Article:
= |q|^2$, then the expression above, namely, $e^{-S(\g) / \hbar} \D \g$
is the {\it Wiener measure}.)\medskip
\noindent {\it Digression on complete Riemannian manifolds:}
Note that to define the above Lagrangian, we need additional assumptions
on $Q,V$. Namely, the kinetic component needs a metric, so we assume that
the manifold is Riemannian. Moreover, we want ``closed" manifolds, so
that particles ``don't fall off the edge" - so we assume that $Q$ is
complete as a metric space. Here, we have
\begin{definition}
Given a connected Riemannian manifold $M$,
\begin{enumerate}
\item $M$ is a metric space if we set the distance between points $m_0,
m_1$ $\in M$ to be the {\it Riemannian distance}:
\[ d(m_0, m_1) := \inf_{\g \in \ppm} |\g| \]
\noindent where $\ppm$ is the set of all {\it piecewise regular} curves
(i.e. $\gd(t)$ is zero or undefined at most at finitely many points) from
$m_0$ to $m_1$, and given any (smooth) parametrization $\g : [t_0, t_1]
\to M$, we have its (parametrization-independent) {\it length}
\[ |\g| := \int_{t_0}^{t_1} |\gd(t)|\ dt \]
\noindent Moreover, the metric topology is the same as the manifold
topology.
\item $M$ is {\it geodesically complete} if every maximal geodesic is
defined for all $t \in \R$.
\end{enumerate}
\end{definition}
Then (for ``completeness' sake" $\smiley$!) we have the following result,
that tells us a consequence of completeness:
\begin{theoremeq}[Hopf-Rinow Theorem]
A connected Riemannian manifold is complete (as a metric space) if and
only if it is geodesically complete.
\end{theoremeq}
Moreover, this is if and only if any two points can be joined by a
geodesic - which is why this is relevant to us.
\vspace{3ex}
\noindent {\it Back to our discussion:} We thus define $L(q,\qd)$ as
above, using the assumption that $Q$ is a connected complete Riemannian
manifold (to keep our particle from ``falling off the edge"), and $V : Q
\to \R$ should be smooth and bounded below (again to keep our particle
from acquiring a lot of kinetic energy, and ``shooting off to infinity"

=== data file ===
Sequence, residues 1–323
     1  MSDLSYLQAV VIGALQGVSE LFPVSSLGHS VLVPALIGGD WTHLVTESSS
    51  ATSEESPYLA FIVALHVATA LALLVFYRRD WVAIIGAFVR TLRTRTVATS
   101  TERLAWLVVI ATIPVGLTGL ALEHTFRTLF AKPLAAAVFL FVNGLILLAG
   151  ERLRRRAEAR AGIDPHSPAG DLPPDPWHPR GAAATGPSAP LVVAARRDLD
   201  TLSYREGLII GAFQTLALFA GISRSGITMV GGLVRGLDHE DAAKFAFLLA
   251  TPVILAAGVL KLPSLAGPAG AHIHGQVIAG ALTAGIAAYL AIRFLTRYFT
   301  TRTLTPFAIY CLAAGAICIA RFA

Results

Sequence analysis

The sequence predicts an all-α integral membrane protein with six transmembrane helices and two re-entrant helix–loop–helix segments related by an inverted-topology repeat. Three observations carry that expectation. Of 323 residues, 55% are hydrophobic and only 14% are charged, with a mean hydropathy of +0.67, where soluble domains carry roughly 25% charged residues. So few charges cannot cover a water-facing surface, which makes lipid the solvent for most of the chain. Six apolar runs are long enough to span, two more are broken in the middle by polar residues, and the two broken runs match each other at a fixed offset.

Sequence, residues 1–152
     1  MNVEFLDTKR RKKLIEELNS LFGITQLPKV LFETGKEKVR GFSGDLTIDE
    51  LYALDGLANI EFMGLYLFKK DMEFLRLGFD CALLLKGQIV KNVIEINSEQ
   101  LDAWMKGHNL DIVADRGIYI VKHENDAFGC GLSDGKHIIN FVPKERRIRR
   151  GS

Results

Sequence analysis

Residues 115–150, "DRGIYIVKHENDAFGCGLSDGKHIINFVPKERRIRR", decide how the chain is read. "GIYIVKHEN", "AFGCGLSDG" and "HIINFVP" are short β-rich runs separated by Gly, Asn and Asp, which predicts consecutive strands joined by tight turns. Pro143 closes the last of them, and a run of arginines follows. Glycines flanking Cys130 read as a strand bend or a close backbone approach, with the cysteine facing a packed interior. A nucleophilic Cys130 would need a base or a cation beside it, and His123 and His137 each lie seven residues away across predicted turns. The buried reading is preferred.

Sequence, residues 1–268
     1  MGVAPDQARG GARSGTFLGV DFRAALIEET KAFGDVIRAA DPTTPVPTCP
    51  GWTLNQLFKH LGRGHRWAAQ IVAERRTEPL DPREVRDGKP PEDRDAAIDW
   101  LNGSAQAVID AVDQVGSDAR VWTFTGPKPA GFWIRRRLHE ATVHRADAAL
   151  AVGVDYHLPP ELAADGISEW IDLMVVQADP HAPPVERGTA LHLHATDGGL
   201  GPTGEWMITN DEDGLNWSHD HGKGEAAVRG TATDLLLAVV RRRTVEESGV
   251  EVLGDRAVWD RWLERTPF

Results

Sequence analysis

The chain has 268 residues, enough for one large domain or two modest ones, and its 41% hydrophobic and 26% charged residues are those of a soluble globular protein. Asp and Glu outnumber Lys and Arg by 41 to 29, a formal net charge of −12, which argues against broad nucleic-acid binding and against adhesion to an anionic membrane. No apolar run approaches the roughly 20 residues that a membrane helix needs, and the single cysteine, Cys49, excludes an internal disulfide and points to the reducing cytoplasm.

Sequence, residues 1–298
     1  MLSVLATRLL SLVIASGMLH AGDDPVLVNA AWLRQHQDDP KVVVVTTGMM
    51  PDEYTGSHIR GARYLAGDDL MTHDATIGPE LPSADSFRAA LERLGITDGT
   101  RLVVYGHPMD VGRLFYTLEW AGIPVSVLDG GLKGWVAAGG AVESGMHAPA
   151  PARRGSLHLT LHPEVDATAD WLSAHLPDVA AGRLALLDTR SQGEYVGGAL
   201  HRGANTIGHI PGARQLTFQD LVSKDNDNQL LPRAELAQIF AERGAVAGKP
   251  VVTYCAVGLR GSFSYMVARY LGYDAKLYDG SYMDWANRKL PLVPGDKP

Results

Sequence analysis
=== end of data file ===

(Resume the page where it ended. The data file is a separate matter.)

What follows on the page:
in finite time).\medskip
\noindent {\bf References.} For the basic ideas, try Feynman and Hibbs,
{\it Quantum Mechanics and Path Integrals}.
For mathematical rigor, try Barry Simons' {\it Functional Integration and
Quantum Physics}.
\vspace{3ex}
\item How do we get the Hamiltonian operator $\hh : \ltq \to \ltq$ from
the Hamiltonian function $H : T^*Q \to \R$?
In some cases, it is easy to write down $\hh$, e.g. under the same
assumptions we made while discussing the previous question:
\[ H(q,p) = \frac{|p|^2}{2m} + V(q) \]
\noindent (where $H$ is a connected complete (finite-dimensional)
Riemannian manifold, and $V$ is smooth and bounded below). In this
situation, \schr wrote:
\[ \hh = -\frac{\hbar^2}{2m} \nabla^2 + {\rm mult}_V \]
\noindent where $\nabla^2 := \grad \cdot \grad$ is the {\it Laplacian}
(and $\grad$ the gradient). This sends a square-integrable function $f$
on $Q$ to
\[ f \mapsto -\frac{\hbar^2}{2m} (\grad f, \grad f) + f \cdot V \]
\noindent (where we compute the first term using the Riemannian metric).
This is often written simply as $-\frac{\hbar^2}{2m} \nabla^2 + V$. \schr
got this by guessing the quantization rule: $p \mapsto \frac{\hbar}{i}
\nabla$. (There were physical motivations for such a guess - namely,
results for waves.) This yields:
\[ \frac{|p|^2}{2m} = \frac{(p,p)}{2m} \mapsto -\frac{\hbar^2}{2m}
\nabla^2 \]\smallskip
\end{enumerate}
\subsection{Motivating geometric quantization}
Ideally, we would like
\begin{itemize}
\item a method to get $\hh$ from more general $H$.
\item to use our assumptions (on $Q$ and $V$) to show ``good" properties
of $\hh$.
\end{itemize}